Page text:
Join us to celebrate the publication of Who Is the Asianist? The Politics of Representation in Asian Studies, a new Asia Shorts volume edited by Will Bridges, Nitasha Tamar Sharma, and Marvin D. Sterling.
Who Is the Asianist? reconsiders the past, present, and future of Asian Studies through the lens of positionality, questions of authority, and an analysis of race with an emphasis on Blackness in Asia. From self-reflective essays on being a Black Asianist to the Black Lives Matter movement in West Papua, Japan, and Viet Nam, scholars grapple with the global significance of race and local articulations of difference. Other contributors call for a racial analysis of the figure of the Muslim as well as a greater transregional comparison of slavery and intra-Asian dynamics that can be better understood, for instance, from a Black feminist perspective or through the work of James Baldwin. As a whole, this diversified set of essays insists that the possibilities of change within Asian Studies occurs when, and only when, it reckons with the entirety of the scholars, geographies, and histories that it comprises.
Will Bridges is Associate Professor of Japanese, Arthur Satz Professor of the Humanities, and a Core Faculty member with the Frederick Douglass Institute for African and African-American Studies at the University of Rochester. His first monograph, Playing in the Shadows: Fictions of Race and Blackness in Postwar Japanese Literature was published by the University of Michigan Press in 2020.
Nitasha Tamar Sharma
Nitasha Tamar Sharma is a professor of Black Studies and Asian American Studies at Northwestern University, where she directs the Asian American Studies Program. She is the author of Hip Hop Desis: South Asian Americans, Blackness, and a Global Race Consciousness (Duke UP 2010) and Hawai‘i Is My Haven: Race and Indigeneity in the Black Pacific (Duke UP 2021).
Marvin D. Sterling
Marvin D. Sterling is Associate Professor of Anthropology at Indiana University, Bloomington. He is author of Babylon East: Performing Dancehall, Roots Reggae, and Rastafari in Japan (Duke UP 2010).
Hoda Bandeh-Ahmadi is an anthropologist. She earned her Ph.D. from the University of Michigan in 2018. She was then Director of Social Research at the Center for Surgical Training and Research (C-STAR) in the University of Michigan Department of Surgery. She is currently an independent scholar. Her research focuses on the ethnography of academic and scientific institutions. In addition to her projects on anthropologists in India and the U.S., she has studied a range of topics, such as: the solar energy industry, U.S. presidential campaigns, and the development of predictive analytics in surgical education.
Isabel Huacuja Alonso
Isabel Huacuja Alonso is Assistant Professor at Columbia University’s Department of Middle Eastern, South Asian, and African Studies (MESAAS). She is the author of Radio for the Millions: Hindi-Urdu Broadcasting Across Borders, (Columbia University Press, 2023), and has published articles and translations about modern South Asian history and sound studies in several journals, including Public Culture, Bioscope, and South Asia. She completed her Ph.D. from the University of Texas at Austin in 2015, and prior to joining Columbia, taught at California State University, San Bernardino.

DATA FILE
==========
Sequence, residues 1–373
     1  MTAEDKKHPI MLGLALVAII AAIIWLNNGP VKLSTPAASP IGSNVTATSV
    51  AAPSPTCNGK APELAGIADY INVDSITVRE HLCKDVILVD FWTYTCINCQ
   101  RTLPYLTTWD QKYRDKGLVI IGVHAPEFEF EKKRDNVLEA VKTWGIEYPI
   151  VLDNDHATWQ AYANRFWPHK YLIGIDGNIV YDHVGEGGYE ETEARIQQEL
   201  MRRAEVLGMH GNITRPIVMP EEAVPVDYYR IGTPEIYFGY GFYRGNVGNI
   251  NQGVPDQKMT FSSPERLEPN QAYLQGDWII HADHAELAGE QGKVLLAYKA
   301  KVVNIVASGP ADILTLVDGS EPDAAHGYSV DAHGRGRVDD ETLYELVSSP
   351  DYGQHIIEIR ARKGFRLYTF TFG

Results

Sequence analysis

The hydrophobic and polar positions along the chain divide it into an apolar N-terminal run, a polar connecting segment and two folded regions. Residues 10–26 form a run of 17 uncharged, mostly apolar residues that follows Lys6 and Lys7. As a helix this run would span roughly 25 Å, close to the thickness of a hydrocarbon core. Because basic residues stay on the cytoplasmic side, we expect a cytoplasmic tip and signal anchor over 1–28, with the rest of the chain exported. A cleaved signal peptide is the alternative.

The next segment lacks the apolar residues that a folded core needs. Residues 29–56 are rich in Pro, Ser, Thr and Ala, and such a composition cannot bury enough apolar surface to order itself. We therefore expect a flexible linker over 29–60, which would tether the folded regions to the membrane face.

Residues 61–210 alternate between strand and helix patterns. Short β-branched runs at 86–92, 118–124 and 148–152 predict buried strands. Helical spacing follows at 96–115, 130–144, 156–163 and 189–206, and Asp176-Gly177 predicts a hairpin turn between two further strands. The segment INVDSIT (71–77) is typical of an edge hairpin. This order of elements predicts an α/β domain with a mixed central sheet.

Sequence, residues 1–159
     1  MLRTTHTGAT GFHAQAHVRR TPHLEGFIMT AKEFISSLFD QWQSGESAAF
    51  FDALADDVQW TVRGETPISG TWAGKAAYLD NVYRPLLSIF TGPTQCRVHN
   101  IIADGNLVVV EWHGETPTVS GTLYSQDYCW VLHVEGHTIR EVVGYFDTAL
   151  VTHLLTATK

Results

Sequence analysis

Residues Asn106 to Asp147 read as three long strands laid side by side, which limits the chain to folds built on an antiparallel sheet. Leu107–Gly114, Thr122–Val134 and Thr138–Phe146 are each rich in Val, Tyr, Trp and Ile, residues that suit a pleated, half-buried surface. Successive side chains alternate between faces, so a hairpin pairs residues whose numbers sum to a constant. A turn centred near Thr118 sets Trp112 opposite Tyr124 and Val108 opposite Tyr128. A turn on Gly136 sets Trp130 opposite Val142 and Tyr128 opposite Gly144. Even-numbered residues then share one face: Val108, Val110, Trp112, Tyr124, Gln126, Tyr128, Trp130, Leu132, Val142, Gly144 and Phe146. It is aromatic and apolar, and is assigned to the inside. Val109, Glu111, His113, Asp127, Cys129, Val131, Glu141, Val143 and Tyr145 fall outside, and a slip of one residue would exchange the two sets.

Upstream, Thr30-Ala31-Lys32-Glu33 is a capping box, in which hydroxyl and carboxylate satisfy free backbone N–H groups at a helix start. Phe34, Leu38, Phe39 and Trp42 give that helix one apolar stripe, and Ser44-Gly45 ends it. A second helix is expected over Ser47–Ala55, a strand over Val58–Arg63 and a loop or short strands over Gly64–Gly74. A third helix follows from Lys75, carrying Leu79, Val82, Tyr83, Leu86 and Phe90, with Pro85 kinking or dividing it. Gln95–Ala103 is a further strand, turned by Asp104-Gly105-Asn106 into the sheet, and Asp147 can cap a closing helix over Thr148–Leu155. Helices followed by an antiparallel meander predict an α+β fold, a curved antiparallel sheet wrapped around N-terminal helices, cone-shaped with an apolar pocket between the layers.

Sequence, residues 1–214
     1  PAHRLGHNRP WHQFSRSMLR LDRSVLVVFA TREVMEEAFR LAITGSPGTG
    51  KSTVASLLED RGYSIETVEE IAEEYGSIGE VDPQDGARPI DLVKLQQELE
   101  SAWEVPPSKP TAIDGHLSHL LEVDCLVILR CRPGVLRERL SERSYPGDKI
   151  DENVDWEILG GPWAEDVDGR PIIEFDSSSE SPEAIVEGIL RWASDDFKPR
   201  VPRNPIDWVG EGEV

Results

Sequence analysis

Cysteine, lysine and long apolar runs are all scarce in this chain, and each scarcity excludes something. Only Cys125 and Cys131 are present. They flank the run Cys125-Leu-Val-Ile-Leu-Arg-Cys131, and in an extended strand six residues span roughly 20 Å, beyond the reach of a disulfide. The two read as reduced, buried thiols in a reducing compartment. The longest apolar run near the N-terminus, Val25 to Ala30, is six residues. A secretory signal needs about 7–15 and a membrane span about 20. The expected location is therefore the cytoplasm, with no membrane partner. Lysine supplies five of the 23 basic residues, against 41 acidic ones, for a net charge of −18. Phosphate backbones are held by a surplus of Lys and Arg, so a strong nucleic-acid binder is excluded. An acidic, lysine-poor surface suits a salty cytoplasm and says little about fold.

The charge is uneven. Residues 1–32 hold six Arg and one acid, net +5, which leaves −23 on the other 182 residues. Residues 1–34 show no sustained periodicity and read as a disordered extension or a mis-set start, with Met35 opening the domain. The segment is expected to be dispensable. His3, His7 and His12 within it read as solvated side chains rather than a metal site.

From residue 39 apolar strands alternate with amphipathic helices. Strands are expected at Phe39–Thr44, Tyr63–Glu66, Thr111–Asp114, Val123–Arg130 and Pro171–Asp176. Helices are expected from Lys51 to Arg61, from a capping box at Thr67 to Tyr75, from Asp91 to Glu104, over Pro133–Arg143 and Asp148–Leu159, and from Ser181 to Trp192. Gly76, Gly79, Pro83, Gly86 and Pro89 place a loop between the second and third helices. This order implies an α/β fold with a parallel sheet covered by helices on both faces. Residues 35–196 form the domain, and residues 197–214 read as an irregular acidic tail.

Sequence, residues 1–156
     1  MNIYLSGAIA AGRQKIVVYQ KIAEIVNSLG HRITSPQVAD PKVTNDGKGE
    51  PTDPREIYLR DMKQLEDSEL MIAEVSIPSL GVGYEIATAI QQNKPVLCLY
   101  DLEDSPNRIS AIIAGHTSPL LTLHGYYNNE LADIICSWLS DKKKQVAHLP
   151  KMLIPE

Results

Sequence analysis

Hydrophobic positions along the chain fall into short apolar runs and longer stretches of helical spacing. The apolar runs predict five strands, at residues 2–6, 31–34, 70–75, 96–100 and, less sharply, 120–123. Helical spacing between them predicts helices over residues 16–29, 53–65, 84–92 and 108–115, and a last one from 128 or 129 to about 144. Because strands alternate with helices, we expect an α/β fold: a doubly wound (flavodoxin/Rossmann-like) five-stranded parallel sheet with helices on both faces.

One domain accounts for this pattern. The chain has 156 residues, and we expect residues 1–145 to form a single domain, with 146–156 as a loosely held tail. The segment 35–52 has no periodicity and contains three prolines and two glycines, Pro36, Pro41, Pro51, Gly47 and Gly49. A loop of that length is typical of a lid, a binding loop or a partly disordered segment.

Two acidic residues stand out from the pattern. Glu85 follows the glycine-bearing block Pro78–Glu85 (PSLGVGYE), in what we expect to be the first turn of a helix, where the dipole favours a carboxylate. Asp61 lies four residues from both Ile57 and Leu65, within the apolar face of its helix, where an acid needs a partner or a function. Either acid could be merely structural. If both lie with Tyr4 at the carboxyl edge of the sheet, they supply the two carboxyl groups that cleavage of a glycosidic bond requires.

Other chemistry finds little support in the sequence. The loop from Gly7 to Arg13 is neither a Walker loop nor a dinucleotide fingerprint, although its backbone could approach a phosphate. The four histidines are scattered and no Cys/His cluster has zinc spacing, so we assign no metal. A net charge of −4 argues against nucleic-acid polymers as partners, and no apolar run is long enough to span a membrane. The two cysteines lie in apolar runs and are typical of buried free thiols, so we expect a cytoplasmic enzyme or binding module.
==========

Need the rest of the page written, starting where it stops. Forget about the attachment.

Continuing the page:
Kristin Roebuck is Assistant Professor and Howard Milstein Faculty Fellow in the Department of History at Cornell University. After completing her Ph.D. in East Asian History at Columbia University in 2015, Roebuck worked as Mellon Diversity Postdoctoral Scholar at Cornell University. In 2019, she won a Fulbright U.S. Scholar Grant for research on racial nationalism in Japan. In 2021, she led a team of colleagues to win a Mellon Migrations Grant, applied toward founding an interdisciplinary Laboratory on Human Trafficking, Its Origins, and Remedies. A historian of modern Japan, Roebuck’s research interests encompass the history of the body, slavery and kinship, medicine and law, race and gender, and international relations. Her book manuscript, Japan Reborn: Race and Eugenics from World War to Cold War, is forthcoming with Columbia University Press. Roebuck has also published in such venues as The Harvard Journal of Asiatic Studies, Japanese Studies, and Asia Pacific Perspectives; her public-facing work has appeared in NBC News, The Hill, Time Magazine, and National Public Radio’s Global Journalist.
Felicity Stone-Richards is a scholar of Afro-diasporic and Japanese political thought and studies the intellectual exchange between Black American and Japanese political actors. She is currently pursuing a PhD in Political Science at the University of California, Santa Barbara (UCSB). Her research focuses specifically on anti-racist activism and organization in the United States and Japan. Alongside an analysis of anti-racist discourse in Japan, her dissertation project explores how Japanese and American writers approach the moral question of convincing people to engage in the practice of sacrifice and disinvest from the oppressive systems they benefit from. Outside of her research, Stone-Richards has also engaged in university advocacy fighting for better housing and working conditions for graduate students at UCSB. For the academic year 2022–2023, Stone-Richards will be a Fulbright Scholar in Japan.